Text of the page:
We're putting the push on to finish plastering the kitchen so that the cabinet maker can begin his work. As we finish the kitchen, we'll need to dig a hole for a five-inch plastic pipe to run through the wall as a channel for the range hood, and another for a smaller pipe to house the outdoor water tap. Two more pipes will need to be channeled through the utility room wall for the dryer vent and bathroom fan vent before we can complete that area. We'll use plastic piping directly against the straw to house the metal pipes in case they sweat.
Good news on the plumbing/heating front: We have heat (!) now that our radiant in-floor thermal system is running and we now have the civilized pleasure of a functioning water closet (the nicest term I could think of). The radiant heat feels luxurious and makes working around the house very comfortable.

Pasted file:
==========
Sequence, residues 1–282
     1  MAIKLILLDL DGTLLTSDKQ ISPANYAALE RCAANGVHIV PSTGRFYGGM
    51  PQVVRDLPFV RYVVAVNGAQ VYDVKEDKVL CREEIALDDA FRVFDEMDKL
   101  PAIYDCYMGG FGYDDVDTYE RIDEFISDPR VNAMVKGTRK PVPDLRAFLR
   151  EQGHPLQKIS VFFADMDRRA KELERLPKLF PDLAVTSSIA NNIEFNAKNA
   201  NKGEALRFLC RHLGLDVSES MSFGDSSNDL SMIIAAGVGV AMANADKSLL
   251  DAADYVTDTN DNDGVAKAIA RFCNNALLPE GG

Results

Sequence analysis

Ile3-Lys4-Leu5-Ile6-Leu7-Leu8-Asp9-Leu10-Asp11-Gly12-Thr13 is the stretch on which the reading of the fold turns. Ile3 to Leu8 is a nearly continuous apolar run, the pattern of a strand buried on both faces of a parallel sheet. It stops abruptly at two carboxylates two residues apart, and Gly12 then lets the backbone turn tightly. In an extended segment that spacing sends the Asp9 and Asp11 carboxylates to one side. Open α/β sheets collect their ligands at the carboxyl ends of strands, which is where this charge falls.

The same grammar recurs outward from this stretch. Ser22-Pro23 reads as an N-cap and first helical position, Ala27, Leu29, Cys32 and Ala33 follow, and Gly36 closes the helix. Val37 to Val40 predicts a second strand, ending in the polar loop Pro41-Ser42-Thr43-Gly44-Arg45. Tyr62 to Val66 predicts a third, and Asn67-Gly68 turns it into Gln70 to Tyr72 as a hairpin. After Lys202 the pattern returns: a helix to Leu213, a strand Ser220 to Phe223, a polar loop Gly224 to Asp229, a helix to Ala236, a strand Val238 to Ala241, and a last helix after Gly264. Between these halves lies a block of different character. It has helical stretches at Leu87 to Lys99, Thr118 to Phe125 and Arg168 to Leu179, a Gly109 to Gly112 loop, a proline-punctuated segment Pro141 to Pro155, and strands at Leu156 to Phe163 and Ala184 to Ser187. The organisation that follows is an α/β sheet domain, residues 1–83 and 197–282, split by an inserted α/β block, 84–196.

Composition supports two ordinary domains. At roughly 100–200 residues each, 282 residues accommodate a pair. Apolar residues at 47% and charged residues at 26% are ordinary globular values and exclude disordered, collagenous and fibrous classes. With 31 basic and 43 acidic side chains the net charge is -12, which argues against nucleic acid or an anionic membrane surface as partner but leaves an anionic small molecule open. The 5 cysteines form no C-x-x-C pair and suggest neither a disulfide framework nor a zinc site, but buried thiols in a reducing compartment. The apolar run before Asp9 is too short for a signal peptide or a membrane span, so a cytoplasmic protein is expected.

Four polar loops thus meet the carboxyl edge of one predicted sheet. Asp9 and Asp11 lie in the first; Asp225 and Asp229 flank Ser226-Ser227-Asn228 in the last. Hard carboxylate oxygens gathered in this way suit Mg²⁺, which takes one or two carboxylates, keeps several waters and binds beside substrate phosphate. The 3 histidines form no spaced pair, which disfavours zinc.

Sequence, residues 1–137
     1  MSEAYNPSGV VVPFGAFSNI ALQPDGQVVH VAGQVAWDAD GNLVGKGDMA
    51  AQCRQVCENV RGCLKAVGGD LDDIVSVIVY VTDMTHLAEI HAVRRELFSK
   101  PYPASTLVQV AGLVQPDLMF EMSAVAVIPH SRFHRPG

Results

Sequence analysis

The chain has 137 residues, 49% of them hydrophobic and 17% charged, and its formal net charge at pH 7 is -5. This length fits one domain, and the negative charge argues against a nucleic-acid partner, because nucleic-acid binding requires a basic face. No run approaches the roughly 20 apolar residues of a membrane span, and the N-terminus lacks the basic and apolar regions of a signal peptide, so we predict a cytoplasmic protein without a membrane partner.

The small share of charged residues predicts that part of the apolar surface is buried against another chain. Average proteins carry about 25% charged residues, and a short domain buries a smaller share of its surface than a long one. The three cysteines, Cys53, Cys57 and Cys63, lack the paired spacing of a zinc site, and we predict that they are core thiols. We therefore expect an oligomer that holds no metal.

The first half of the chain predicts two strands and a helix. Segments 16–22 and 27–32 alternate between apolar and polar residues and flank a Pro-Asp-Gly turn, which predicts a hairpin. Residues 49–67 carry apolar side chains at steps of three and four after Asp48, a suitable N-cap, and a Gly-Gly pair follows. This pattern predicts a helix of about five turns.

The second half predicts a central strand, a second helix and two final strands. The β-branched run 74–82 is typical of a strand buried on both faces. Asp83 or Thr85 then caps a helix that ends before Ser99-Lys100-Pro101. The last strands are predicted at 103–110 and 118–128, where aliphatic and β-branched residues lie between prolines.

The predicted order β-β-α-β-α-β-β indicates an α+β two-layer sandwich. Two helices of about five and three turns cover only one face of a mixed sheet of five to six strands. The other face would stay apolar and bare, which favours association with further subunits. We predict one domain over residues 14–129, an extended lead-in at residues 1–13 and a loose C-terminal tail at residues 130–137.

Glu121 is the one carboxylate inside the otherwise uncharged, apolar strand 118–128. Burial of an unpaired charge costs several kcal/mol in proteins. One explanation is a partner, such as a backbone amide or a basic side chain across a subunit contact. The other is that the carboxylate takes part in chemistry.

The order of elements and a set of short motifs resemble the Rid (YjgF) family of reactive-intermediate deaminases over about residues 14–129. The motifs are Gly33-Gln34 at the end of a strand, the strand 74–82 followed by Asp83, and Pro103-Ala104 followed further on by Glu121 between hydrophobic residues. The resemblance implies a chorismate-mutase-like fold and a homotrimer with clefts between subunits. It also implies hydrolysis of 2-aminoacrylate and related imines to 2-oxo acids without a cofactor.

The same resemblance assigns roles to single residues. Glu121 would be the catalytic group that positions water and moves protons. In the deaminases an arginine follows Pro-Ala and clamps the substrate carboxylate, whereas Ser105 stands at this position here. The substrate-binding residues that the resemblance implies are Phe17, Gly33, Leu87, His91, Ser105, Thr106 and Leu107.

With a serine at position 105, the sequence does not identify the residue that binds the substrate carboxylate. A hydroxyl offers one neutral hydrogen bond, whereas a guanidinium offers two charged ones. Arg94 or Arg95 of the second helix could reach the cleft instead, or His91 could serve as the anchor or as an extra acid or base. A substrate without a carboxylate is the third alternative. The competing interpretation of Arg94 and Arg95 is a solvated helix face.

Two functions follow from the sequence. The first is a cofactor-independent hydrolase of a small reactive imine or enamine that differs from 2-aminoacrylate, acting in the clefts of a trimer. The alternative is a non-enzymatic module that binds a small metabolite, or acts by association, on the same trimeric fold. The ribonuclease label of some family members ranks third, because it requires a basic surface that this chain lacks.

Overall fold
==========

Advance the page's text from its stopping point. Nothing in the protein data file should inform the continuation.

The bad news of the week is that we have hard water, so we'll need to find a way to remove the "hardness." From what I'm reading on the CMHC website, water softeners put high levels of sodium in the water which is not great for humans (can you say, heart attack please?), and rather terrible for our water table/surrounding soil. Does anyone know if reverse osmosis can work just as well? I've heard of people using reverse osmosis in tandem with a water softener to remove the salt after it has softened the water, but that means big bucks and a lot of space taken up in our utility room that we simply cannot afford. CMHC indicates that it can remove minerals, thereby softening water, but doesn't give a definitive view on using reverse osmosis in place of a water softener. I'd prefer this route...
The other debate of the week is whether or not we should finish the wood (sanding and applications of water based protection) on our stairs and loft floor *before* we plaster upstairs or *after*...?